Sanchez Shows Unusual Polish For Mariners
When a team brings in a 17-year-old Latin American pitcher for his first taste of pro ball, he may as well come over in bubble wrap. Teams are understandably cautious with the youngest of their pitchers, especially if they just made a significant investment in the player.
The Pirates paid $2.6 million for 6-foot-6, 205-pound Mexican righthander Luis Heredia
in 2010, then held him to 30 1/3 innings last year with only a few innings per start. Blue Jays righthander Adonys Cardona
, a $2.8 million signing out of Venezuela the same year, was restrained to a similarly strict workload.
The Mariners have put 17-year-old righthander Victor Sanchez
, their $2.5 million signing out of Venezuela last year, on the other end of the spectrum. The Mariners gave Sanchez an aggressive assignment, skipping him over the Arizona League to short-season Everett. They have also been liberal with his workload. He leads the Northwest League with 54 2/3 innings and he's been effective, holding down a 3.79 ERA with 19 walks and 45 strikeouts, only one whiff shy of the league lead.
"He's a really thick kid," Everett pitching coach Rich Dorman said of Sanchez, who is now listed at 6 feet, 255 pounds. "He's strong, so durability is not going to be an issue. He's very durable. He hasn't shown any signs of letting up. We're cautious as well. We're going to give him an extra day, so instead of five we'll give him six days. We'll make sure he continues to get the proper rest, probably two starts with five days, then give him an extra day on another start just to keep him fresh."
Sanchez draws more physical comparisons to linebackers than he does fellow pitchers. While there isn't much physical projection left—his 89-94 mph fastball sits at 91, which is about the same as before he signed and entirely what scouts had expected—but he repeats his mechanics, spots his fastball well for his age and shows the poise that reflects his experience competing on the international stage since he was 13.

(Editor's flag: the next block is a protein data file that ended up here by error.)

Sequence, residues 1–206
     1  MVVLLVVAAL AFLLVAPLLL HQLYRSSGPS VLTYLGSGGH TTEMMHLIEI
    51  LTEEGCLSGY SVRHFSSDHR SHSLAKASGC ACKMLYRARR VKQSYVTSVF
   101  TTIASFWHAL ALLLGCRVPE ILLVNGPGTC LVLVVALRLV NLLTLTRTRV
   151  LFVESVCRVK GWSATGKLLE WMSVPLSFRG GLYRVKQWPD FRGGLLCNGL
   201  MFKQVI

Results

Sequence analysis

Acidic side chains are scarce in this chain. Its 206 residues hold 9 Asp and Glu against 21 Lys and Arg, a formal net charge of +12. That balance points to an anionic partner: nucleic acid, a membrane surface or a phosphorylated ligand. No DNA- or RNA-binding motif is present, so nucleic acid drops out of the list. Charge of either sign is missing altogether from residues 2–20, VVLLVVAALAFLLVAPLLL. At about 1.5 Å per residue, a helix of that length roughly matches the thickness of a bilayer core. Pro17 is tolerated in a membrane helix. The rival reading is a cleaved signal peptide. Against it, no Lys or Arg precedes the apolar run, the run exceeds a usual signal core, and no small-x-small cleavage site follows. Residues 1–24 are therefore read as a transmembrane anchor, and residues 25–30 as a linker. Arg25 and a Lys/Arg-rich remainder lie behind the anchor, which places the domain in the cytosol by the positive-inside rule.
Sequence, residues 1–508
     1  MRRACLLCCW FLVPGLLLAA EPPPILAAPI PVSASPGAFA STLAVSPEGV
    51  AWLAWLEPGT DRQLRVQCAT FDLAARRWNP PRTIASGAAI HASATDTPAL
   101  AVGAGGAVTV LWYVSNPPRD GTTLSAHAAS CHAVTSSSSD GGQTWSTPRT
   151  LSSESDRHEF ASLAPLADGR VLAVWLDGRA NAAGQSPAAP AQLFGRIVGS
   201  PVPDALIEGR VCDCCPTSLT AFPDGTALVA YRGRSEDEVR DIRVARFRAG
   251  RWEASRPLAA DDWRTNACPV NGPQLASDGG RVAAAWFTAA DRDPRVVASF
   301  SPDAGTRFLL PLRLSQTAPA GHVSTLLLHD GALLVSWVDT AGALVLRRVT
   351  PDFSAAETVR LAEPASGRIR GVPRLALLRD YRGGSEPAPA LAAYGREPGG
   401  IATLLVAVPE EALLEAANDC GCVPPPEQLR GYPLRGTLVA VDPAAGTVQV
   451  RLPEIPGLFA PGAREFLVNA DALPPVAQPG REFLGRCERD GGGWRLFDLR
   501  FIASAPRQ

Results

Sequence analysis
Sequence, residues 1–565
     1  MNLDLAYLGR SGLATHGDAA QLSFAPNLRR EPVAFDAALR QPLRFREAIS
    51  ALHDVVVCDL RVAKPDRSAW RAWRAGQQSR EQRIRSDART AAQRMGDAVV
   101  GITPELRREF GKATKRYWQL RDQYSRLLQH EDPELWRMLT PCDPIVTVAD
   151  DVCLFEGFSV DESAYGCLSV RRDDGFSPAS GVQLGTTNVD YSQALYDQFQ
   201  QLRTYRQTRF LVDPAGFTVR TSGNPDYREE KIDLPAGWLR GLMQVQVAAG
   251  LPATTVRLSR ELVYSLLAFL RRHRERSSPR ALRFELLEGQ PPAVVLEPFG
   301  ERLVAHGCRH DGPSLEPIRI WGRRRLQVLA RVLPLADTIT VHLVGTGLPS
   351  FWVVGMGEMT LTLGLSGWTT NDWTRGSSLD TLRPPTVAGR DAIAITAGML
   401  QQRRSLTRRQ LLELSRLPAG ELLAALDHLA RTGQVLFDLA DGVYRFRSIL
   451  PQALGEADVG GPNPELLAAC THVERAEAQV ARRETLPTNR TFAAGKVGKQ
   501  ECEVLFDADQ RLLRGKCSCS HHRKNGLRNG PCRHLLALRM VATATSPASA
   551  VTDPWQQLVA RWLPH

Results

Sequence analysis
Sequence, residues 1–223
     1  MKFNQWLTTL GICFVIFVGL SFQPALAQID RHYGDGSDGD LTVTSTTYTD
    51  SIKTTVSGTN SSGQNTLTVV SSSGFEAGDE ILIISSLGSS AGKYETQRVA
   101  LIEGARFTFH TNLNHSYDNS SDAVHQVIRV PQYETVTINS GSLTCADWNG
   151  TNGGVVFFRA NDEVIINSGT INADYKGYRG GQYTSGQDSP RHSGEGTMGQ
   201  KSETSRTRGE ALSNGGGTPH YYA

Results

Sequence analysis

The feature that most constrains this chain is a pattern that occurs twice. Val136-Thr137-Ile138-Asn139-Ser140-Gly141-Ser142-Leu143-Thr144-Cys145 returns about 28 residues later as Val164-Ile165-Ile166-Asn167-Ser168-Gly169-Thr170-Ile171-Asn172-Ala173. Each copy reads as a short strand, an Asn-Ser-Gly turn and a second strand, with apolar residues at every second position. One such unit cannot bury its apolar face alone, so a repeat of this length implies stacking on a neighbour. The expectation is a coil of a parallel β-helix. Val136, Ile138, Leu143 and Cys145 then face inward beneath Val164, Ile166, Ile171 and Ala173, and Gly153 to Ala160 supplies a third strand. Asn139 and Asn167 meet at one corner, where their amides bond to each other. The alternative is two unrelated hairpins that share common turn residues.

"He handles adversity pretty well," Dorman said. "There's not a lot of situations in games that take him out of his game. Unlike young pitchers, their emotions are what they struggle to control when they first start pitching. This guy has ice water in his veins. You watch him pitch and you forget he's 17. He's so calm and collected on the mound."
After his fastball, Sanchez also has a solid array of offspeed pitches. He throws a sharp, three-quarters breaking ball around 78-81 mph that gets caught between a curveball and a slider at times, but should eventually become two distinct pitches.
"His slider, it's like a curveball, but he calls it a slider," Dorman said. "It's a good pitch with good arm speed. A lot of young pitchers tend to slow their arm down when they throw breaking balls, but he has good feel for it and good arm speed, which makes it tougher on hitters. The offspeed pitch that impresses me the most is his changeup. For most younger kids and power pitchers, the last pitch to develop is the changeup, but he's got really good feel for it."
While some scouts regarded Sanchez as the top international pitcher on the market last year, even some of those who liked Sanchez pointed out that he didn't miss as many bats as they would have expected given the quality of his stuff. The continued development of Sanchez's changeup, which he throws with good arm speed right off his fastball, could give him a true putaway pitch.
"It's got that 10 mph differential between the fastball and the changeup," Dorman said. "Hitters don't pick it up out of his hand. He's got a real good feel for it and it's very deceptive. It makes his fastball play better; any changeup makes your fastball play better. That's an advanced pitch. It takes time, but he's got a pretty good one."